Government price-fixing is always a disaster eventually. It’s as dishonest and arbitrary as the FED manipulations of the dollar. You would become that which you hate?


27 posted on 09/08/2011 7:28:30 PM PDT by DRey (Perry/Rubio 2012)
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To: DRey
Just enough to issue at the margins until the dollar has parity? Parity how, at $20/ounce? It would have to be $2,000/ounce. I don’t understand what you mean by “margins.”

"At the margin" is a standard economics term. What he's trying to say is, let the price of gold find its natural level and fix the dollar there. It might be $2,000/oz; it might be $5,000. Only the market knows for sure: I've found out the hard way.

With regard to your comment about "not enough gold," you seem a little behind the times. Have you heard of digital gold? It's made gold fungible down to thousandths of a gram.

This outfit's the best-known vendor of digital gold.

28 posted on 09/08/2011 7:29:38 PM PDT by danielmryan
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To: DRey

Bizarre comment
Has nothing to do with any previous comment


29 posted on 09/08/2011 7:31:02 PM PDT by cowtowney
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To: danielmryan
I understand margins, but I didn't understand the "natural level" aspect. Does that mean it's supposed to settle when someone decides, okay, today is the day, and then it's fixed at that rate permanently?

As far as digital gold and whatever...wow. Yeah, I'm behind the times, and from what I hear, I don't like the idea at all.

Thanks for the clarification.
30 posted on 09/08/2011 7:33:42 PM PDT by DRey (Perry/Rubio 2012)
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To: cowtowney

That’s what I thought about your comment.


31 posted on 09/08/2011 7:34:47 PM PDT by DRey (Perry/Rubio 2012)
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To: DRey

Great comeback


32 posted on 09/08/2011 7:37:43 PM PDT by cowtowney
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To: cowtowney

Thanks


33 posted on 09/08/2011 7:39:33 PM PDT by DRey (Perry/Rubio 2012)
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To: DRey
I understand margins, but I didn't understand the "natural level" aspect. Does that mean it's supposed to settle when someone decides, okay, today is the day, and then it's fixed at that rate permanently?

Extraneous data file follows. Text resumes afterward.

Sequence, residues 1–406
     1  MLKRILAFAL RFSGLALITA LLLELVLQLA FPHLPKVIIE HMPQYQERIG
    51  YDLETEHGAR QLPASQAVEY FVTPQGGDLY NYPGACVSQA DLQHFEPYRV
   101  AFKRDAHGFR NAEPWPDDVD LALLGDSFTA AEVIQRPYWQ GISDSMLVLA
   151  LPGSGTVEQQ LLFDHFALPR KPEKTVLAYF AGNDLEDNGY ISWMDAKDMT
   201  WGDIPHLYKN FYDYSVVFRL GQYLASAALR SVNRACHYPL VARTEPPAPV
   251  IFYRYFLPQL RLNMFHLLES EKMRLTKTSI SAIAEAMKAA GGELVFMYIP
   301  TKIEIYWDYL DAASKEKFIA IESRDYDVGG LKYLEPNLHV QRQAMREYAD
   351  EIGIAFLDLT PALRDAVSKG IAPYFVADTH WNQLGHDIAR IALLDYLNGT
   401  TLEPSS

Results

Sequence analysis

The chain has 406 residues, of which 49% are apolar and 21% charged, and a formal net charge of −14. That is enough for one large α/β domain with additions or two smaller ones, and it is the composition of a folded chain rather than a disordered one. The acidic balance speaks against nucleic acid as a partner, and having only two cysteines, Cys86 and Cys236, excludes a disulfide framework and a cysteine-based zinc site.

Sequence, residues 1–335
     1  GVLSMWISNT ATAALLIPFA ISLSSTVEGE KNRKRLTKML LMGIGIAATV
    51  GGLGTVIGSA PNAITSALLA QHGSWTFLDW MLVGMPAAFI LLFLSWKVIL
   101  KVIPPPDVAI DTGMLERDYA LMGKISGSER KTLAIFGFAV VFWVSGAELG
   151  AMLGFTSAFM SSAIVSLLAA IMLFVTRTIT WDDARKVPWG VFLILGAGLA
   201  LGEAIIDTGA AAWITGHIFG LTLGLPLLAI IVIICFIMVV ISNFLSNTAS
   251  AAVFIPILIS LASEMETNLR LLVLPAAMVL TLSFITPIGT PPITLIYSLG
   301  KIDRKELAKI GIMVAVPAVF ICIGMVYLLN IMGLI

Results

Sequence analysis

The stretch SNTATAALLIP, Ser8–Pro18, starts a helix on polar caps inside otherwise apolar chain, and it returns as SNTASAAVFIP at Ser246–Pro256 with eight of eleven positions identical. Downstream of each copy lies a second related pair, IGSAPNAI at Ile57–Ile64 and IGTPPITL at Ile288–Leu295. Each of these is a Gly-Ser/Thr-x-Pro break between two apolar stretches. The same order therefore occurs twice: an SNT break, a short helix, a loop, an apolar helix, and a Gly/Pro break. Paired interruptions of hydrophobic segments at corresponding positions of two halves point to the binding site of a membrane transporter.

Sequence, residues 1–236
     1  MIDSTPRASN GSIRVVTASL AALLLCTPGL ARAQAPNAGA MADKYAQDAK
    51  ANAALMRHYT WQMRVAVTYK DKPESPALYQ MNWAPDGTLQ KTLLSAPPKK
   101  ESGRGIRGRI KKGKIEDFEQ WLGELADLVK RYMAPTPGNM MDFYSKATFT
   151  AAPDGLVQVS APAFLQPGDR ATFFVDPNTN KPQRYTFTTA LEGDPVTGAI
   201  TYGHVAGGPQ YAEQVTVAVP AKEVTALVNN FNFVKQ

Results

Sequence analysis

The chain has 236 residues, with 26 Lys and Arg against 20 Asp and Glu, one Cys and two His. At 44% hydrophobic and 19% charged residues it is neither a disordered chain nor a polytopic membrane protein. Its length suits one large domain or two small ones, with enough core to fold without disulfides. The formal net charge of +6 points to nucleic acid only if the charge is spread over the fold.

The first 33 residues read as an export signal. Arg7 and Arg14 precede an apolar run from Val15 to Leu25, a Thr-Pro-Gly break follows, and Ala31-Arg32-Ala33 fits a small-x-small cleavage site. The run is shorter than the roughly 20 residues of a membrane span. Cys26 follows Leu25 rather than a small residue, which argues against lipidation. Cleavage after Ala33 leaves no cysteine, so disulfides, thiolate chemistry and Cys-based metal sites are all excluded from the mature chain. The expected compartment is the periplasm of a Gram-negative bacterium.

Not quite. It settles when supply and demand come roughly into balance over time. Think of a stock trading sideways; you'll get the idea. Then, someone can can be decided that "okay, today is the day."

I'm glad to issue the clarification. You'll find that many Freepers are well-versed in economics, so they use terms like "at the margin" like they're part of ordinary English. I'm sure you'll pick it up as you go along.

As far as digital gold and whatever...wow. Yeah, I'm behind the times, and from what I hear, I don't like the idea at all.

Even if Rick Perry get behind it? :)

34 posted on 09/08/2011 7:42:20 PM PDT by danielmryan
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To: cowtowney; DRey

Hello,

Yes, I meant that via the gold window, the market would settle on the right dollar price of gold as people exchange their gold for dollars or vice versa. I do believe if this were established today, many would come to the gold window and exchange dollars for gold, thus settling on a price of gold under 1,000 per ounce. I say this because gold above 1,000/oz is a recent phenomenon, and that we haven’t seen the inflation across all goods/services yet (it starts in commodities and acts like a wave). This is the reason the banks were in so much trouble in 08 and now, because they rely on lending (lender gets screwed when money is devalued). Also, dollar stays weak because of 0bama’s (AKA Zer0) crap economic policies.


35 posted on 09/08/2011 7:47:57 PM PDT by Protoss
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To: danielmryan
Even if Rick Perry get behind it? :)